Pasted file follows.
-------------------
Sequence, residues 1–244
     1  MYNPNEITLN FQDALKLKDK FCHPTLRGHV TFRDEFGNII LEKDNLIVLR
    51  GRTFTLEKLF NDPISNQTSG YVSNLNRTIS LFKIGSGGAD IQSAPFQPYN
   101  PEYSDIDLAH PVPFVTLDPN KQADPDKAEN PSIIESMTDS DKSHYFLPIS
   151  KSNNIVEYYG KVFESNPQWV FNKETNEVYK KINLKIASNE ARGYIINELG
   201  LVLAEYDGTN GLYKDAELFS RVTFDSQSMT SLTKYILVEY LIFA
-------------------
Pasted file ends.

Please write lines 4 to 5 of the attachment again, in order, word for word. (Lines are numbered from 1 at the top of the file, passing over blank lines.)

   101  PEYSDIDLAH PVPFVTLDPN KQADPDKAEN PSIIESMTDS DKSHYFLPIS
   151  KSNNIVEYYG KVFESNPQWV FNKETNEVYK KINLKIASNE ARGYIINELG